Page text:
I offer the following clinic topics, all of which have been presented at various conferences, universities and festivals around the world. If you are interested in having me present a session for you, please contact me at email@example.com for further information and booking.
Building a Better Percussionist: Using Movement, Technique and Ear Training
for Optimal Learning
This session presents various ideas/exercises that are universally adaptable to ANY
current method of teaching or method book series. This clinic is meant to “fill in”
various learning gaps that exist within percussion education by focusing on
technique, movement, and ear training, areas often neglected in written methods.
Attendees should find in this clinic a fresh and new approach to their percussion
teaching that can immediately be incorporated into their existing curriculum.
Drumset Education: Playing Beyond the Groove
A good drum set performer always plays in time with a proper groove. However,
what about items such as tone? Phrasing? Melody? Reading a chart? And perhaps
most important, VOCABULARY! These items are often overlooked when teaching
drum set performance, but they are critical if we are to perform beyond the basics of
time and groove. This session will cover all of these topics in an easy to understand
manner, and offer educators simple and immediately effective ways to improve
these areas of drum set learning. All of the materials and exercises presented are
universally adaptable to any method book or curriculum.
A Bridge to Basel Drumming
I have had the opportunity to study this unique form of snare drumming both in
Switzerland and the US. As a person who has a passion and extensive background in
rudimental drumming, I have greatly enjoyed the challenge of learning this style.
This session helps to explain the notation and unique interpretational features of
Basel drumming by using exercises that begin with ideas in traditional American
notation and interpretation, and then gradually move to the Basel style. This
session provides players with a sufficient amount of information to begin working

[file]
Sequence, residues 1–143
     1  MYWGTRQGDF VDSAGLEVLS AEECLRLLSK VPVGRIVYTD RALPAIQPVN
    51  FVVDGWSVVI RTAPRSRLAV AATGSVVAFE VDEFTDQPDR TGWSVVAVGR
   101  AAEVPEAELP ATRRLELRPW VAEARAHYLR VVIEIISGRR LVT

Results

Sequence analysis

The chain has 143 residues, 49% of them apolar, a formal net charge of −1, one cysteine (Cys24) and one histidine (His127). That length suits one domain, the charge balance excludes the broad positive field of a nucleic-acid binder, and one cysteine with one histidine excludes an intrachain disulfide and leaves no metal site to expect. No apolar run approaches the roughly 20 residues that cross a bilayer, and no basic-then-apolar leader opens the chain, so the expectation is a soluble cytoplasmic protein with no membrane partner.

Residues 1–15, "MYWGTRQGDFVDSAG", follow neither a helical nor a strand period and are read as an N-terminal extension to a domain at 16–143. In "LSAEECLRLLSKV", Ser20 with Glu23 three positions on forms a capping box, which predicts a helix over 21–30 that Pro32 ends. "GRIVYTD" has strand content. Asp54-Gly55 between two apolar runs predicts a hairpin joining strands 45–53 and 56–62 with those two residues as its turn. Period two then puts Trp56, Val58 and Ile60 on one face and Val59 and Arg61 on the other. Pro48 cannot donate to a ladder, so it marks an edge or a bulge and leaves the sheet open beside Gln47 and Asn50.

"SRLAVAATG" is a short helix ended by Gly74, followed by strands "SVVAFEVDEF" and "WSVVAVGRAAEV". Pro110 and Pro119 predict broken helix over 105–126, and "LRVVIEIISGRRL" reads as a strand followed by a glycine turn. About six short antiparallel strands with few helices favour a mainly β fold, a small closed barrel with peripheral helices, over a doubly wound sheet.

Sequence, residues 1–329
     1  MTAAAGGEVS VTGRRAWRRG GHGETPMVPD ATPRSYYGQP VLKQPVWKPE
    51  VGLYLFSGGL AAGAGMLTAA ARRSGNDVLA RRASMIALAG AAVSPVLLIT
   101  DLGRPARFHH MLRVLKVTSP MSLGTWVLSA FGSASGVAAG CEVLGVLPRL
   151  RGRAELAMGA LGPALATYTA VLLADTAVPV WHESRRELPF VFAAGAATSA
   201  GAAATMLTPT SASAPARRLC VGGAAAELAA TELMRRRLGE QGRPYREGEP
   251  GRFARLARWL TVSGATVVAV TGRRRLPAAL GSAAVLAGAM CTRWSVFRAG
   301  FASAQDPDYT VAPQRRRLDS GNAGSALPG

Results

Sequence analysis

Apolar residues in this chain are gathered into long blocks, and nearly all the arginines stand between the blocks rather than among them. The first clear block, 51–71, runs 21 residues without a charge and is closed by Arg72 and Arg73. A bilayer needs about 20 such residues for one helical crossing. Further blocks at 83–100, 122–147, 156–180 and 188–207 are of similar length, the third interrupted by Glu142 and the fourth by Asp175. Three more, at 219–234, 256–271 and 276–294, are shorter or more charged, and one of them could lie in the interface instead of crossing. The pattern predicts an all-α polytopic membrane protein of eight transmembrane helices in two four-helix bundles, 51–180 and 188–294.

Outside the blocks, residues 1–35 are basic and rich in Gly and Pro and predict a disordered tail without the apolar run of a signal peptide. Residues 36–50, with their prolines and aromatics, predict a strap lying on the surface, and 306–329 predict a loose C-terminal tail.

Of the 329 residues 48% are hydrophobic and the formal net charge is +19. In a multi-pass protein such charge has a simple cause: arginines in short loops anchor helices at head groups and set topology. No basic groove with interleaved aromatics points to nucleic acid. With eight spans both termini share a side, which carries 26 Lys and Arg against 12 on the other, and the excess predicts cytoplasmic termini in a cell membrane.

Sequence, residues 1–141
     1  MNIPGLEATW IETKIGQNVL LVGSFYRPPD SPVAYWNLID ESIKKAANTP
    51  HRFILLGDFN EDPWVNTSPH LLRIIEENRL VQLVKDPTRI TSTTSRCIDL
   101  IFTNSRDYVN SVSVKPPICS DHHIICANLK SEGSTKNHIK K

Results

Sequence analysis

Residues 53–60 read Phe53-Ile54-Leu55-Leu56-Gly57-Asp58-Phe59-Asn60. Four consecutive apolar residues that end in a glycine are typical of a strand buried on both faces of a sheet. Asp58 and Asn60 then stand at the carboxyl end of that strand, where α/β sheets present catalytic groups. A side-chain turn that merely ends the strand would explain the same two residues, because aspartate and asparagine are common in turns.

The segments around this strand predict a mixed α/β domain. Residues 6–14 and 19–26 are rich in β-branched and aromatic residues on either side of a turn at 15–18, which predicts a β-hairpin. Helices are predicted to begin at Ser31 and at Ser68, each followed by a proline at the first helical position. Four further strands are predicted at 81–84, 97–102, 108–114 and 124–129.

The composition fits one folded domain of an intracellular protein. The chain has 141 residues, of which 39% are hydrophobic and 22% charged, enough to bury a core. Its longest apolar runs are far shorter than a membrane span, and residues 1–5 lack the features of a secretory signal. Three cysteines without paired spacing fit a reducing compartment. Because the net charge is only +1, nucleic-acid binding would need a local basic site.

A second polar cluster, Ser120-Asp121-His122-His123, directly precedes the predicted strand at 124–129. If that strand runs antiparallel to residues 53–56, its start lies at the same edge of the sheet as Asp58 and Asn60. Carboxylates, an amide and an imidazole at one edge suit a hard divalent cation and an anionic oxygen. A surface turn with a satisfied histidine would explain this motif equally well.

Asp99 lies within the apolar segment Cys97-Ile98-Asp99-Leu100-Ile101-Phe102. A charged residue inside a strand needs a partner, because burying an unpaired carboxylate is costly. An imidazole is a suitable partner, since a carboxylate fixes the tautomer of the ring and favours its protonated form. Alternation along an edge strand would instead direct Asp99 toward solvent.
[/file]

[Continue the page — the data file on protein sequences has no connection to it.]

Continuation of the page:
through the style on their own, as there are specifics that need explanation before
the learning process can begin. This clinic was presented at PASIC 2017.
What I Learned Playing Four Measures of Bach
Most solo instrumental music (except for chordal instruments), is made up of single
line melodies that often follow certain chordal ideas (or progressions), or in Bach’s
case the rules of 17th and 18th century counterpoint. However, most musicians are
aware that performing or thinking of such music as a single melody causes us to
miss expressive opportunities that are present if only we looked at these melodies
more vertically or three-dimensionally. I will use the first four measures of the Cello
Suite no. 1 in G major to first demonstrate the concept described above, and then
show how this type of critical analysis can be applied to not just tonal music, but
also atonal and post tonal music solo marimba music. We will discuss ideas such as
hyper-melody, hyper-rhythm, motivic phrasing, perceived note length as well as
many other items that pertain to this learning concept.
Marching Percussion Fundamentals
Regardless of the instrument within the battery section you hope to play in
marching band or drum corps, there exist techniques that are universal to your
success. This session talks about technique starting from grip and posture, and
takes the students through a series of specific exercises that reinforce the most
important stroke types for playing rudimental percussion music. I also discuss a
number of items related to specific rudiments that have far ranging consequences
on performance and interpretation. I have developed these exercises and ideas
from my over 20 years playing, teaching, arranging and consulting in the marching